Friday, February 08, 2008
The past on email
Joan ( above) asked her daughter Beth to "google" Craig-y-nos then sent me an email.
As the emails began popping into my mailbox it quickly became obvious that my search for the “Children of Craig-y-nos” was an intergenerational project.
It was the sons, daughters and grandchildren who wrote seeking to piece together their own family history, or they were writing at the request of their relatives.
Beth Rees Baglan, Port Talbot emailed on behalf of her mother Joan Wotton, nee Thomas:
“We only found the Craig-y-nos web site as she was at my home and asked me to see if there was any information about the hospital on the web. She was overjoyed to see lot's of familiar faces from her time there as a patient of 15. She arrived in 1950, and left at the beginning of 1953, Mum say's that she remembers you and even what bed you were in! I have been brought up on all her memories of her time at Craig-y -nos both good, and bad.”
For others it has been an opportunity to learn more about their own family past.
Betty Thomas’ niece, Gaye, wrote:
“ I knew no details of Auntie Bett's story until a couple of years back (perhaps I am now seen as an 'adult'!). Veiled comments were made by my father once in a decade but my mother quickly told him to'forget it now, there's no need'. “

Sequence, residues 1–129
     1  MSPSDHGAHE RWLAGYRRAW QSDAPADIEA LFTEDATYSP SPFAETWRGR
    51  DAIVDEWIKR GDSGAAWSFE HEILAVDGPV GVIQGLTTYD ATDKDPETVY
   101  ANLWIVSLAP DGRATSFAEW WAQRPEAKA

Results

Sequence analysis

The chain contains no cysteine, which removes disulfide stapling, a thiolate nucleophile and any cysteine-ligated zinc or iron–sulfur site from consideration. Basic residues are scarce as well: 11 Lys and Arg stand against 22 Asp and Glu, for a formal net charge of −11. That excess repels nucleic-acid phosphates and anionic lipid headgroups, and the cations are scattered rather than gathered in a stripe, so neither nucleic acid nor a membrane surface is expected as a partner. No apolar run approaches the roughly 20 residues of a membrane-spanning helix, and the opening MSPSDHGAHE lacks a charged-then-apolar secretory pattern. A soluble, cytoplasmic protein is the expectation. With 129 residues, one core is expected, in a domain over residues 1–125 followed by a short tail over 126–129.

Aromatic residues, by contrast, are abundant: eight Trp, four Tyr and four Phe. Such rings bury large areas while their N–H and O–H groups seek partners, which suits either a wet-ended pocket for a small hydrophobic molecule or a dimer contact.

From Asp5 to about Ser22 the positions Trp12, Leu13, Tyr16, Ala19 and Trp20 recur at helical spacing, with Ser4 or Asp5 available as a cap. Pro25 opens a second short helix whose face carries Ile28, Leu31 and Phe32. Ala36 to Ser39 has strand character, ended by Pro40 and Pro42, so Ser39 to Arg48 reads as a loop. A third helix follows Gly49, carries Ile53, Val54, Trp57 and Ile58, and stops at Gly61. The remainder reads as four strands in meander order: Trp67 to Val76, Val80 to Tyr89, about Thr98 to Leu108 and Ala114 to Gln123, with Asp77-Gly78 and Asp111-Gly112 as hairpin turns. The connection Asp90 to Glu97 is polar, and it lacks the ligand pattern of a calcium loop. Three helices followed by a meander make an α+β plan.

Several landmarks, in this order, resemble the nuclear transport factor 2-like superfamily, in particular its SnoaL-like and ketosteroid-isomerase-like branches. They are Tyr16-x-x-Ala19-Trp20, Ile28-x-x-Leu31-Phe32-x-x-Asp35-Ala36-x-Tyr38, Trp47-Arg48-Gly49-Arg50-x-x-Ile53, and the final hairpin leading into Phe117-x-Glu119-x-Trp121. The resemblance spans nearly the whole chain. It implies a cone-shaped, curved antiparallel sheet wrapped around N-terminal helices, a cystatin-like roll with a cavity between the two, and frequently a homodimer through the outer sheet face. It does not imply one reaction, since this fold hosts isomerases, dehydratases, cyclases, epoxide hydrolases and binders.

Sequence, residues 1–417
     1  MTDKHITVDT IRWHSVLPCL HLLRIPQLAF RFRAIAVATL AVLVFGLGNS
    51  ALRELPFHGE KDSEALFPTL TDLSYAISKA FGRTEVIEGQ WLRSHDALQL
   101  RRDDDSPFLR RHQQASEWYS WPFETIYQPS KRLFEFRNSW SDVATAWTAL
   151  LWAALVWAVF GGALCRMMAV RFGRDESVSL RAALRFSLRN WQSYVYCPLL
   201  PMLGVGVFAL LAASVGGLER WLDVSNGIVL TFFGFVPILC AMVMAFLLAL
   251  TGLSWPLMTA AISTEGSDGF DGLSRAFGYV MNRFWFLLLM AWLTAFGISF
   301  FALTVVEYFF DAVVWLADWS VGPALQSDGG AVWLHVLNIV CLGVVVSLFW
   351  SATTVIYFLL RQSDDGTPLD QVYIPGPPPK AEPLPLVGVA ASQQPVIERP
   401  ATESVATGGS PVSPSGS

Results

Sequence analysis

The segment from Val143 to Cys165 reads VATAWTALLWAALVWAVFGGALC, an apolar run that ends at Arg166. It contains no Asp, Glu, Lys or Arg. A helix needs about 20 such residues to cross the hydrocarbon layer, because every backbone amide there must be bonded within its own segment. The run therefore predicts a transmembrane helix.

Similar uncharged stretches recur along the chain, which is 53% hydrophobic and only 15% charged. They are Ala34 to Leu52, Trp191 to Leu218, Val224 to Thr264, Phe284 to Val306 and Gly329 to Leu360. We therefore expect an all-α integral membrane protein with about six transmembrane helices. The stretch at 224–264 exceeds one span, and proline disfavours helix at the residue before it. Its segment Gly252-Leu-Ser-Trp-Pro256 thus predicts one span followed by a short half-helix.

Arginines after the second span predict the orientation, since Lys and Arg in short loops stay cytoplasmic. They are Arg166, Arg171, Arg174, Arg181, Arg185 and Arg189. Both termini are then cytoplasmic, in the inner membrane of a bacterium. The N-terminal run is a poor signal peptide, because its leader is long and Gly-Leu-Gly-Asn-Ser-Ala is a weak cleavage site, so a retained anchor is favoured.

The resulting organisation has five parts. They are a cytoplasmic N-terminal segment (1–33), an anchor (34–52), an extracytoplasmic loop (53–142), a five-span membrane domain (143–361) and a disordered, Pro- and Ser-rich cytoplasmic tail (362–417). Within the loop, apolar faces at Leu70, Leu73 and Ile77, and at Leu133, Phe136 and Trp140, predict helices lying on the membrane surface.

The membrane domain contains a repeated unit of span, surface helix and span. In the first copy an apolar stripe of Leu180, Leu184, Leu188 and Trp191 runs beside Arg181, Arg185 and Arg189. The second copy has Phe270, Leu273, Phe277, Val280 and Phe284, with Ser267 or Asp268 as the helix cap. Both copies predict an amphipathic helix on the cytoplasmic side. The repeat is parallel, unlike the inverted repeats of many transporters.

Many, such as Janet Tayler from Worcester, express bafflement and regret on learning that all records of this period have been destroyed.
“I'm so disappointed to find out there are no records of patients at Craig y nos. My great aunt, Kathleen Powell, from Cwmgwrach, died there during the 1920s. My grandfather was only young at the time and he hasn't spoken much about his sister. I can't even find a record of her death.”
A small minority of ex-patients, those comfortable with technology, wrote directly.
And this includes a teacher who has confined herself to email contact only still finding it too painful to speak, even over the telephone, about this time in her life over fifty years on.